Peter’s paintings are an explosion of colour, taking inspiration from landscapes like the beach or the desert. His depictions usually comprise small to large blobs of colour (or “prismatic, crystalline pointillism” as he describes it), using any material that will make a mark, but only if it is appropriate to the cause.
“Spit, blood, fire, grease, a sander or angle grinder … but mostly I use ink, acrylic, oil paints and mineral silicate paint, which will last 100 years outside in any weather conditions,” Peter explains.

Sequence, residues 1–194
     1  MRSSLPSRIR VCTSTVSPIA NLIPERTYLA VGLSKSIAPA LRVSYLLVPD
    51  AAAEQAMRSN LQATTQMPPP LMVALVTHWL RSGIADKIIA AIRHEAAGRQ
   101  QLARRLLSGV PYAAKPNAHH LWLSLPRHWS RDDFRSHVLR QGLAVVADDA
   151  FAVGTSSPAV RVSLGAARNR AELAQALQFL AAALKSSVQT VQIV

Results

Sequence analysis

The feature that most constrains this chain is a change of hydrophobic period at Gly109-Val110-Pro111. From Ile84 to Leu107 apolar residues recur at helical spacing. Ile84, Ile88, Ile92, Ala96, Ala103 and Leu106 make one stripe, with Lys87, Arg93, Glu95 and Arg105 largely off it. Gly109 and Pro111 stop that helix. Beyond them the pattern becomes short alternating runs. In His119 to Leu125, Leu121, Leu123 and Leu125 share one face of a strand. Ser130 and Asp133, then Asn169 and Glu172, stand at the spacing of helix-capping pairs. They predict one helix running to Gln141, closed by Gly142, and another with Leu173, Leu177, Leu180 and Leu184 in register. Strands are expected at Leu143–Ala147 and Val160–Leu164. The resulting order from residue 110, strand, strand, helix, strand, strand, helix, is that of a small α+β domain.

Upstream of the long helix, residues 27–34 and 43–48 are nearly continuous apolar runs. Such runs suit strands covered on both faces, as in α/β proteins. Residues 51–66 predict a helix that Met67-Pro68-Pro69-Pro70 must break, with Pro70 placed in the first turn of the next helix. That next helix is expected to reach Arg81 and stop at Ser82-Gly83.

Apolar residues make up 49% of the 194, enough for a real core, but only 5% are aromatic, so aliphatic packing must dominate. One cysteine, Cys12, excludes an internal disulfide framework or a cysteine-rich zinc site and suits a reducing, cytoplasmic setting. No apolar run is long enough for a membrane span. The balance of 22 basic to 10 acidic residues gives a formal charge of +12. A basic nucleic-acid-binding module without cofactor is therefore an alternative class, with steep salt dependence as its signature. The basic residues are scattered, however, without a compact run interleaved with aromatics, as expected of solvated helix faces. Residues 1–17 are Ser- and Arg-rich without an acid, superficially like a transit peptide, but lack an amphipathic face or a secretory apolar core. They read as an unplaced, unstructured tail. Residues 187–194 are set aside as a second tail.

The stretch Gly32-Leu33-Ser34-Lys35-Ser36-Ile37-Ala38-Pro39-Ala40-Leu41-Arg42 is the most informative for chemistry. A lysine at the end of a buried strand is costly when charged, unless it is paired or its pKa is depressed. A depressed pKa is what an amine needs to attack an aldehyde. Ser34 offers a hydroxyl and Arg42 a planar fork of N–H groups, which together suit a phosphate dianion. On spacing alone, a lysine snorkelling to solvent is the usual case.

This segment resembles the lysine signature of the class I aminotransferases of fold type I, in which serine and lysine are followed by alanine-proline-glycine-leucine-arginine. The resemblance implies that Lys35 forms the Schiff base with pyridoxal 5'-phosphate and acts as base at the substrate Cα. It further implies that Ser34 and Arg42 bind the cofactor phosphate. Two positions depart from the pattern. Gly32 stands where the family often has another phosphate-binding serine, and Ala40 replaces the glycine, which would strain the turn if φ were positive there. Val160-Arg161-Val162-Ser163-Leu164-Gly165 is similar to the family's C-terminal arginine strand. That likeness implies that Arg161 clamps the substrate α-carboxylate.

As for Peter’s sculptures, he works with objects that have history and meaning – from his grandfather’s chair to a rabbit trap and sticks. “I’m very influenced by the history of useable human-made objects and the alternative meanings that can be ascribed to them,” he says. Each sculpture is usually cast in bronze.
With 40 years’ experience and many achievements –including more than 30 solo shows, inclusions in public and private collections at the Department of Foreign Affairs and Commonwealth Bank, and a number of Australia Council grants and art awards – Peter refuses to be content with his technique. “I would like to paint as well as a skilled vintner who makes good wine or a wheel wright who constructs a wagon wheel – what craft, what magic,” he says.